Have you ever noticed that different people have different personalities?
Have you ever met someone for the first time and assumed they had a different personality than they actually had when you got to know them better?
We might describe someone’s personality as Shy, Confident, Outspoken, etc.
In addition, the more time we spend with other people the better we know their individual personalities and the better we can communicate with them.
Just like human beings, the markets all have individual ‘personalities’ of which every new day trader needs to learn before they begin trading.
Market-personality can be broken into three (3) main categories:
Liquidity is the degree to which a market can be bought or sold without affecting the current price. The ability to buy and sell quickly and easily makes a market very ‘liquid’, while the inability to buy and sell easily tells us the market is ‘illiquid’.
Liquid markets include the Euro, Corn, E-mini S&P, 30-Year Bonds, 10-Year Notes, Eurostoxx (FESX), and more. These markets have above-average volume traded every day and are considered highly “liquid”.
Illiquid markets include Gold, Crude Oil, Mini Russell, E-Mini Dow, E-Mini Nasdaq, Wheat, Natural Gas, Silver, the list goes on and on.
Why does liquidity matter for a day trader?
The more ‘liquid’ the market we are trading, the more likely we are to get the exact price for entry and exit, which makes our trading much more accurate and consistent. When trading the E-mini S&P we can count on getting our orders filled at the exact same price we asked for.
In addition, the more ‘liquid’ markets will move in a more consistent manner, and the ‘illiquid’ markets will move very unpredictably at times with lots of volatility.
When trading ‘illiquid’ markets we know there will be ‘slippage’ when we enter a trade because there are often not enough buyers for every seller, which means we often do not get the exact same price we wanted when we placed the order.
Beginner Note: Most new traders will trade smaller contract sizes when they begin, however, if you are trading larger size orders, above 20 contracts, you will need to pay very close attention to the liquidity of the market you are trading.
Volatility refers to the range of movement on a specific market. Volatility is the uncertainty that the market’s price will fluctuate greatly throughout the session.
A new day trader needs to be aware that the volatility of a specific market can dramatically affect their ability to profit while trading that market.
Volatility is directly affected by the amount of liquidity in a specific market, so new traders can use the volume traded to anticipate what the volatility will be.
The good and bad when it comes to volatility:
Volatility can be a killer for a trade account if you don’t know how to trade it.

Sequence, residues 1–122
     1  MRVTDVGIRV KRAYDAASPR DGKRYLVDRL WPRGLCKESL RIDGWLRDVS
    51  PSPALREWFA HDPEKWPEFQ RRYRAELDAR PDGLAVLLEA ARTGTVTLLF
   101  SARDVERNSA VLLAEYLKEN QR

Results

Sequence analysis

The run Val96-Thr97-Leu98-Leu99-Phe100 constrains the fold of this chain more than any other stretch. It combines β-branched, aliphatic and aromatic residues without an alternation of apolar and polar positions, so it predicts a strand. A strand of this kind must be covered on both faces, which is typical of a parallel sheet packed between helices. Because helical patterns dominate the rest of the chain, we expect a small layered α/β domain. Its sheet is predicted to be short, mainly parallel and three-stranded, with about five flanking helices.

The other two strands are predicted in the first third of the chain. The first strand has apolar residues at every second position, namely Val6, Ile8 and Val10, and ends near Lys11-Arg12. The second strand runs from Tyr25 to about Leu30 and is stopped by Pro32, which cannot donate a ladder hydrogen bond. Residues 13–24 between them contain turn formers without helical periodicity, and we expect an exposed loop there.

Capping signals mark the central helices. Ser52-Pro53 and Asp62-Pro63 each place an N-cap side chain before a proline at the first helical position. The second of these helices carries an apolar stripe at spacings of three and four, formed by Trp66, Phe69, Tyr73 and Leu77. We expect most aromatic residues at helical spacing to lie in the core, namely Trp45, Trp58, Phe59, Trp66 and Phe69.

When you trade a volatile market you need to take extra precaution to protect against risk. A volatile market will move in very wide ranges, which means we will need to use wider ‘stops’ while being able to take profit with wider ‘targets’.
When trading a less volatile market you can expect to see smaller moves in the market, which may fit your style of trading much better. Markets with lower volatility do not have as much risk each day to a trader, and at the same time will not yield as much reward.
Beginner Note: When you trade a volatile market you need to be prepared to use wider stops and targets. If you try to trade a less-volatile market in the same way you will see poor results. New traders need to define the market they are trading as either volatile or not and then trade accordingly.
The ‘trendiness’ of a market refers to the market’s tendency to move in one direction for an extended period of time.
When you combine the market’s liquidity with the type of traders that are trading each market you get the ‘trendiness’ of that market. Some traders are long-term, while others are short term speculators.
For example, the E-mini S&P is a “trending” market because it has high liquidity (consistency in movement) while the traders who mostly trade the E-mini S&P are long-term trend-following so the market will tend to move in one direction for a longer period of time than other markets. The Euro would be another liquid market that tends to trend more often than other markets.
On the opposite side of that coin, Crude Oil is a very popular market that is NOT a trending market at all. Crude Oil loves to move up, down, sideways, and then repeat it two more times before the closing bell. Crude Oil is a low-liquidity market that is traded mostly by short-term speculators which makes this market very range-bound, with not much ‘trendiness’.
Why do we care about trendiness?
It’s important to understand the ‘trendiness’ of the market you are trading because when you enter into a new trade you need to know if there is a high likelihood this price will continue moving in the direction of your trade.
When we trade a ‘trending’ market (Euro, E-mini S&P) we want to leave the position open for as long as possible while we try to grab as much profit from the trade as possible during the trend.
When we trade a ‘non-trending’ market (Gold, Crude Oil) know that price will whip around up and down, so we need to take our profit quickly rather than trying to hold onto a position for an extended period of time. Yes, there are trends that occur on these markets, but you will see fewer consistent moves in one direction.
Beginner Note: When you decide to trade a specific market you need to know if this market-personality likes to ‘trend’ or not because that will affect your trade-management strategy. We know to hold a ‘runner’ profit-target in trending markets, and we know to take our profit quickly in a non-trending market.